Neither app presents progress by file size, both do it by file count.

Amazon

  • The Amazon app offers to not upload duplicates, however it does this by file name(!) rather than a hash of the file or image likeness. So this feature is useless unless you have filenames as date/times.
  • When you ask the Amazon app to refresh a directory listing there is absolutely no feedback that this is being done, on massive directories this can take some time.
  • I have had to force close and reopen the app, however...

Google 

  • I have had to re-install the Google app to get it to start up. I've just noticed that reinstalling is the *second* item in their troubleshooting guide.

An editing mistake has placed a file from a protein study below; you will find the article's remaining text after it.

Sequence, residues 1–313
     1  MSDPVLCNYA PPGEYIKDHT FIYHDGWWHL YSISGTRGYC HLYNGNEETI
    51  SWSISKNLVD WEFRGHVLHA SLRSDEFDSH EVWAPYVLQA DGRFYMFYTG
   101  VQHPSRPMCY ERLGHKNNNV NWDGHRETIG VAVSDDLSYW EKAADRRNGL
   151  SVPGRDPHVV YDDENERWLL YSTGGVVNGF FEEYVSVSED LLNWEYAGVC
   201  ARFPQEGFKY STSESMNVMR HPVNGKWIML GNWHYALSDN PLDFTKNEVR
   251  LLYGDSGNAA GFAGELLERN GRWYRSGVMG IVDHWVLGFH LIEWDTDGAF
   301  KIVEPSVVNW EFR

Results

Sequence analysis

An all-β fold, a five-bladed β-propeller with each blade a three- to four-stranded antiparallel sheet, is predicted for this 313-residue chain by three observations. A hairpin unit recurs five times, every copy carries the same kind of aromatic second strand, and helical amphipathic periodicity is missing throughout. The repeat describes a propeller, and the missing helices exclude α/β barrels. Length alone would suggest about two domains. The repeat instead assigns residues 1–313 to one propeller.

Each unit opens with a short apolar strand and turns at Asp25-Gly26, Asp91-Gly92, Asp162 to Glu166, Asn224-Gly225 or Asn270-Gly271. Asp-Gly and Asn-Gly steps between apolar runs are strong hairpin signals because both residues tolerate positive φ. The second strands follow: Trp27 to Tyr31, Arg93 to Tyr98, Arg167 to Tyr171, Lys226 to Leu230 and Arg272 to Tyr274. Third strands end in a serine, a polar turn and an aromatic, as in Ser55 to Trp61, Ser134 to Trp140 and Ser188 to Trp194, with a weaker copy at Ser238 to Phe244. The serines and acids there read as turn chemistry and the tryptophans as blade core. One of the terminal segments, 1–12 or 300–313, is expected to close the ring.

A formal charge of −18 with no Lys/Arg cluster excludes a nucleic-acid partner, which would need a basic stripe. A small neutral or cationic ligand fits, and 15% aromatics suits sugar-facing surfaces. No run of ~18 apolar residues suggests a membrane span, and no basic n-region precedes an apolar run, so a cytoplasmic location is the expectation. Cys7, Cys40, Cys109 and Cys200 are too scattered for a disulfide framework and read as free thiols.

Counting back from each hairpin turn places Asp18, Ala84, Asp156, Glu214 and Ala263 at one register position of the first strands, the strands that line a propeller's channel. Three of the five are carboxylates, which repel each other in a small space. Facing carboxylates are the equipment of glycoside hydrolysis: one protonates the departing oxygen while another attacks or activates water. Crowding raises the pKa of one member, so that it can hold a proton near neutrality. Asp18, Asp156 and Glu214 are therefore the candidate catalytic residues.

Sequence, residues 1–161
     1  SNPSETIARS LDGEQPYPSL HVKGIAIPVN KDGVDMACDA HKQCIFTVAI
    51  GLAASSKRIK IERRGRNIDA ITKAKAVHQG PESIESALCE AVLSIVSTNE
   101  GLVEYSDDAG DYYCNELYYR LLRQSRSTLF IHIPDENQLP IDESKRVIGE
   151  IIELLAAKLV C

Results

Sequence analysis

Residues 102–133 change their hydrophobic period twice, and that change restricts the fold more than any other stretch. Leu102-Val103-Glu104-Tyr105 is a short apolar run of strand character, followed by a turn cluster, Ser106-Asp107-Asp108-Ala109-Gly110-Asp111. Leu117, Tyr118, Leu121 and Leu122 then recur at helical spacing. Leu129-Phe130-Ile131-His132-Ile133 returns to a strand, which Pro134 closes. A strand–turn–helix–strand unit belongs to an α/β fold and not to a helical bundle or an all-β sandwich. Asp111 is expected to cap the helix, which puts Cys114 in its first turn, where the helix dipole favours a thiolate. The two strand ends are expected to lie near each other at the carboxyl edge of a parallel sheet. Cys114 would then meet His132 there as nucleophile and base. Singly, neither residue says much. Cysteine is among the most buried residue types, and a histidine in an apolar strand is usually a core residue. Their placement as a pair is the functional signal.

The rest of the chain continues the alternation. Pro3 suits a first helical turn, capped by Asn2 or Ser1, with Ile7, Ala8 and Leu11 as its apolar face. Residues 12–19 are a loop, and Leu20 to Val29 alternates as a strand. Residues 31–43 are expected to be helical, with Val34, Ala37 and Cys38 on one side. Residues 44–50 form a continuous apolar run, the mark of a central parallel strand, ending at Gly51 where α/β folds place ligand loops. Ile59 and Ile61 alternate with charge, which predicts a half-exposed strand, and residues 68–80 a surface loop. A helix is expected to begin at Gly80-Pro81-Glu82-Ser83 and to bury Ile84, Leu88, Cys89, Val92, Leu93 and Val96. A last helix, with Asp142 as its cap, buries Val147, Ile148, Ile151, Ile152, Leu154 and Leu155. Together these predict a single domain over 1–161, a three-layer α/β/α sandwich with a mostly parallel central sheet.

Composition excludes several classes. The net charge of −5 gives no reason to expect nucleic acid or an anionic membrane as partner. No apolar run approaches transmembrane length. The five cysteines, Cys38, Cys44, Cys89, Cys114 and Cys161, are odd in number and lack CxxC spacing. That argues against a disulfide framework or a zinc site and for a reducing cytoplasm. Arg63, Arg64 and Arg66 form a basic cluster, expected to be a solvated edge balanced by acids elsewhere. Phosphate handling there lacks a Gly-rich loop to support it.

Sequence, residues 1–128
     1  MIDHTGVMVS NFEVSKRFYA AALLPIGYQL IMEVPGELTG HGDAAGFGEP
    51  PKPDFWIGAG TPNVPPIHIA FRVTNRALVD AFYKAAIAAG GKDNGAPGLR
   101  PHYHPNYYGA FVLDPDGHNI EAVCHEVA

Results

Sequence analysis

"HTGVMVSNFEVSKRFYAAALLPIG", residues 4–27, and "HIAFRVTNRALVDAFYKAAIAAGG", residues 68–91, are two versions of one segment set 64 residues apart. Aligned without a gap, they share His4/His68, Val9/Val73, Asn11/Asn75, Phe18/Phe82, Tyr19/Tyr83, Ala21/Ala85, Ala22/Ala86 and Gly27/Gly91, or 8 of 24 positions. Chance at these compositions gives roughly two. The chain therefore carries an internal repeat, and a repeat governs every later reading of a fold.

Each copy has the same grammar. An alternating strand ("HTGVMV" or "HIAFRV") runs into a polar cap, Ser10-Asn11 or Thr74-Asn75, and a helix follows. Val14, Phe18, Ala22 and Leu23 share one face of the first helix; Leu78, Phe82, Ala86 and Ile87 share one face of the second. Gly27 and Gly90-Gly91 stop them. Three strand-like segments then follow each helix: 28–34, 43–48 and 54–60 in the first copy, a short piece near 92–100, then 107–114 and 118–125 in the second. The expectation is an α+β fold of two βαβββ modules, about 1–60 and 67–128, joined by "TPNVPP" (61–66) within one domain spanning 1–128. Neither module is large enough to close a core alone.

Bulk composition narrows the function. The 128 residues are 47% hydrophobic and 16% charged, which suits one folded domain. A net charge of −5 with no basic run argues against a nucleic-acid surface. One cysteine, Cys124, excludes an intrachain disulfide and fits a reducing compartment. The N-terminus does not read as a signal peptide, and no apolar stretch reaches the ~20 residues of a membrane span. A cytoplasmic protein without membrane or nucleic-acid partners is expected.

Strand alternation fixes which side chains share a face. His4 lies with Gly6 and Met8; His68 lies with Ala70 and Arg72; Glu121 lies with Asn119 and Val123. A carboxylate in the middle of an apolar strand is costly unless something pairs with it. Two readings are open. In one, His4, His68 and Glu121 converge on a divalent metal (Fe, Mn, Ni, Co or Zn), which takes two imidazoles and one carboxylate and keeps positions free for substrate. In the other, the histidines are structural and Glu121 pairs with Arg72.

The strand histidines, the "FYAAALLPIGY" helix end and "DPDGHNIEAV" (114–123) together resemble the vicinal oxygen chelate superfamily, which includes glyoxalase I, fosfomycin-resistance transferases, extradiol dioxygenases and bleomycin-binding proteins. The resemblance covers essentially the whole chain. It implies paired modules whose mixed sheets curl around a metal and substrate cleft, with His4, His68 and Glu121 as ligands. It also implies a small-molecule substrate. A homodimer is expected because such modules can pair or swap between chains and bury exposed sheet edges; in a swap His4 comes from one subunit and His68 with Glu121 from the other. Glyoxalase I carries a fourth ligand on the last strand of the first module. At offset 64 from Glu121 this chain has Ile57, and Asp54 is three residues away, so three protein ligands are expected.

• Google does not seem to like Windows UI norms and the app never appears on the taskbar or in the alt-tab windows list. What a great UX!
  • The Google app takes a *long* time to scan a directory.
  • I think the Google app takes at least double the time to upload images as the Amazon app. This could be it converting jpegs to WebP, but you'd hope it would do this in parallel to the actual uploading.
  • The Google app will not backup a directory unless it has write access!  Annotation 2020-08-21 2231451
  • It looks like the Google app does check for duplicates, I assume by file hash. Annotation 2020-08-22 205214

Tuesday, August 04, 2020

Changing the Oil Filter on a 2017 Ford Grand C-Max TDCi 1.5

Changing the oil on our Ford Grand C-Max TDCi 1.5 was straightforward enough. Remove the bottom cover with a torx driver and then undo the sump bolt with a 21/22 mm spanner.